The Monetary Authority of Singapore (MAS) issued a notice last Thursday announcing its intention to regulate virtual currencies in order to manage AML/CTF risks:
2 Virtual currency transactions, given their anonymous nature, are particularly vulnerable to ML/TF risks. To address this, MAS will introduce regulations to require virtual currency intermediaries1 that buy, sell or facilitate the exchange of virtual currencies for real currencies to verify the identities of their customers and report suspicious transactions to the Suspicious Transaction Reporting Office.2 The requirements will be similar to those imposed on money changers and remittance businesses who undertake cash transactions.
3 Singapore, like most jurisdictions, does not regulate virtual currencies per se, as these are not considered as securities or legal tender. MAS’ regulation of virtual currency intermediaries pertains specifically to the money laundering and terrorist financing risks they pose. It does not extend to the safety and soundness of virtual currency intermediaries nor the proper functioning of virtual currency transactions. Investors in virtual currencies will not have the safeguards that investors in securities enjoy under the Securities and Futures Act and the Financial Advisers Act.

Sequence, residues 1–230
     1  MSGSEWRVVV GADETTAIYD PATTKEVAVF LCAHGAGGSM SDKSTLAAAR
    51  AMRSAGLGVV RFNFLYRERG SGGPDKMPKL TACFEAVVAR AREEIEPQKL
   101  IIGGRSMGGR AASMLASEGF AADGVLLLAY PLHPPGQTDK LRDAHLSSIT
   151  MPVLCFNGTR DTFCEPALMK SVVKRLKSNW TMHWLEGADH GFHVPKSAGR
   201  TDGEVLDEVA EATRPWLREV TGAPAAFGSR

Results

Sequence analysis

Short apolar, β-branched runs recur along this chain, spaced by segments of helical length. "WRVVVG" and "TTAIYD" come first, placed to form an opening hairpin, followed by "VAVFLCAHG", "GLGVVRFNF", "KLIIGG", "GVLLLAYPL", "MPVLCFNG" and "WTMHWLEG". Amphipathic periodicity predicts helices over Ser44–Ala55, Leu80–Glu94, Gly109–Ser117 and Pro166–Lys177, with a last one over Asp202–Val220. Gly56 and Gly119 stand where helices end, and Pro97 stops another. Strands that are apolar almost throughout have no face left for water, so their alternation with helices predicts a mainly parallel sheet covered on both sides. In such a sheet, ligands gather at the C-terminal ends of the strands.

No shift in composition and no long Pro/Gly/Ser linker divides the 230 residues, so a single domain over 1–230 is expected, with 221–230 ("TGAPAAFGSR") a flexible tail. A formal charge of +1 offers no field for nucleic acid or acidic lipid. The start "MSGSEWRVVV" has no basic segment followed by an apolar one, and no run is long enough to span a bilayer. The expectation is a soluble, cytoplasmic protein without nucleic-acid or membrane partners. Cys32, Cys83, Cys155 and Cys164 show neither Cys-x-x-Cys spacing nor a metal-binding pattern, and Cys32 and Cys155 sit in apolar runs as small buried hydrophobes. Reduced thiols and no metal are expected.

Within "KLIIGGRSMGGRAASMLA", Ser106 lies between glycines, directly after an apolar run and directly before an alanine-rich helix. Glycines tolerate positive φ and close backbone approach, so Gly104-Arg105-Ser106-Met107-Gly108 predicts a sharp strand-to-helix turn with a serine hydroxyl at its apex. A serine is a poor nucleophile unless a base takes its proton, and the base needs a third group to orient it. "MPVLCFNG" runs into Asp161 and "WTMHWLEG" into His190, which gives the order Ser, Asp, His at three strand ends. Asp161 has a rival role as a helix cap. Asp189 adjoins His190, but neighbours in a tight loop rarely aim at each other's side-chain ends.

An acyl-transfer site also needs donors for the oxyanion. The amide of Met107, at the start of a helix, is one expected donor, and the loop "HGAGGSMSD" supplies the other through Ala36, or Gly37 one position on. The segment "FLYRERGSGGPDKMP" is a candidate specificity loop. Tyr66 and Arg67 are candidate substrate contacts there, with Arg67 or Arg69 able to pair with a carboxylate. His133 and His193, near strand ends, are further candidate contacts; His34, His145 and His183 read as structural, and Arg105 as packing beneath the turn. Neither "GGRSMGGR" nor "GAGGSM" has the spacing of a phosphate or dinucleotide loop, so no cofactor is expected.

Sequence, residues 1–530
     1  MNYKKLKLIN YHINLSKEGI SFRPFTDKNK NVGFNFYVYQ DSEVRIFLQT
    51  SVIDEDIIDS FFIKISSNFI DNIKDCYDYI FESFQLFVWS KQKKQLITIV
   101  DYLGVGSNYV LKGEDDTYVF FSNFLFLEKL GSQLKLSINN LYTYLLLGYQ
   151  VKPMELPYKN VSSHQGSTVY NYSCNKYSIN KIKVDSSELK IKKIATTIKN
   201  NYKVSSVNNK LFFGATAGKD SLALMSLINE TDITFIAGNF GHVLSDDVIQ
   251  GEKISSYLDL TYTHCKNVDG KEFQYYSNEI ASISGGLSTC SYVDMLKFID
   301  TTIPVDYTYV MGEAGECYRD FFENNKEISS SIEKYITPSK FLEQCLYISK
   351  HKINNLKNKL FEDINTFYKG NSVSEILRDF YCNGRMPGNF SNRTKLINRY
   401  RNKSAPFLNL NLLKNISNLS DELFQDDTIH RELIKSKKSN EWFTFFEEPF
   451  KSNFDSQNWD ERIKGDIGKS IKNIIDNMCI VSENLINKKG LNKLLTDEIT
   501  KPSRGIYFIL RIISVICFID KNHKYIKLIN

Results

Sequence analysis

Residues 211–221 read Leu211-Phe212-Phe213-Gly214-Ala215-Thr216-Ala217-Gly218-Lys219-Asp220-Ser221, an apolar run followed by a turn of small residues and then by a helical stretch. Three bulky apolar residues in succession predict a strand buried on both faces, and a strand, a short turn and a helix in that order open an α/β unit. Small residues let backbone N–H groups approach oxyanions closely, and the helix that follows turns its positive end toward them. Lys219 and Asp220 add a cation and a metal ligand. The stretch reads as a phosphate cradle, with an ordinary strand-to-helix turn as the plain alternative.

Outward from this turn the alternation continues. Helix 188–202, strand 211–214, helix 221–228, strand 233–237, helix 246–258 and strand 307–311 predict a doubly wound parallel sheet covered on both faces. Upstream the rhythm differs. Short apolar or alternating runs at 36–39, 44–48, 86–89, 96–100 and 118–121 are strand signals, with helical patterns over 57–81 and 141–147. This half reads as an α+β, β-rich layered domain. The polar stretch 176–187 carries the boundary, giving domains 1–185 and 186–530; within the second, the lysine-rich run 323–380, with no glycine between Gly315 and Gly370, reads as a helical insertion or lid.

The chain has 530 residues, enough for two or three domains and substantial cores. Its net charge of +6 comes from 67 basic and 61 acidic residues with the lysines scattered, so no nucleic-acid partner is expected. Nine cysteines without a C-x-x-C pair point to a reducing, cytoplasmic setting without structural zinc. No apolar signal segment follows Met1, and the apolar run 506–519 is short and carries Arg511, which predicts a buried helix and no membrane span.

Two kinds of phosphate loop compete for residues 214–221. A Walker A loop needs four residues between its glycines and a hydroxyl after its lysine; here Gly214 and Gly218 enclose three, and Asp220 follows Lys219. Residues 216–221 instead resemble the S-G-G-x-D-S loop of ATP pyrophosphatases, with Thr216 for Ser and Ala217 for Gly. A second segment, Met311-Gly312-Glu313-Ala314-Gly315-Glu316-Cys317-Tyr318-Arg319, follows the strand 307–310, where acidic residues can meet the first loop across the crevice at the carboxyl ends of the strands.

MAS' approach is similar to that of FinCEN and more measured than the banning of Bitcoin and its ilk in a number of other countries, including Thailand, Germany and China.
Categories: Anti-Money Laundering MAS Updates Virtual Currencies
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